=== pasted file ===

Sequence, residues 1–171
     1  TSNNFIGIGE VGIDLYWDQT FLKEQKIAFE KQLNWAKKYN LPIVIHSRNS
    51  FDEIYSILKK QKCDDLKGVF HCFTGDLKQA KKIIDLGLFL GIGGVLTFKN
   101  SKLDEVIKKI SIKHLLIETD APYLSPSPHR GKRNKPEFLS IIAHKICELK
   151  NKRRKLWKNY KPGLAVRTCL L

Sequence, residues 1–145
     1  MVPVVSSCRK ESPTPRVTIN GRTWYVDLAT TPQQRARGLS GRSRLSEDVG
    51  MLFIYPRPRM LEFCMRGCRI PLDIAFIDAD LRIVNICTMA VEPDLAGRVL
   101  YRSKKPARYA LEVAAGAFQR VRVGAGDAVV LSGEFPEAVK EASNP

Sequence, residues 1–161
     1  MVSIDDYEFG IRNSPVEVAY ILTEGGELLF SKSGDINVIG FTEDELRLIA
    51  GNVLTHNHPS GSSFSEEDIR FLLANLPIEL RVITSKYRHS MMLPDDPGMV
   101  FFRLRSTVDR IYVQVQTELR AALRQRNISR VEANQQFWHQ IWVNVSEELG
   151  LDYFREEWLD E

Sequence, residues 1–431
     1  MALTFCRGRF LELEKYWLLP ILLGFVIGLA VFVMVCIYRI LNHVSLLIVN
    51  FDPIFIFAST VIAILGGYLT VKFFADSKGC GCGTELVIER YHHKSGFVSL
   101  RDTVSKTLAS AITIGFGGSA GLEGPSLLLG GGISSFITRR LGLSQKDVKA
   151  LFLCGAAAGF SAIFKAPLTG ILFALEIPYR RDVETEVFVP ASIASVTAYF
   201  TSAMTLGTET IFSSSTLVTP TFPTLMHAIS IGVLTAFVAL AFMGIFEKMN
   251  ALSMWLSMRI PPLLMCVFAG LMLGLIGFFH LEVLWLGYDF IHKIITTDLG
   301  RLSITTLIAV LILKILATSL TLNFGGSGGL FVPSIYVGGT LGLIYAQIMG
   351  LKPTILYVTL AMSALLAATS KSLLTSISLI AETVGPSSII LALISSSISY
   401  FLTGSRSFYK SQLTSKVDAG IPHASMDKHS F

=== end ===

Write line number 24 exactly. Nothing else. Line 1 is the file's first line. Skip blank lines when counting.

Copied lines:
   401  FLTGSRSFYK SQLTSKVDAG IPHASMDKHS F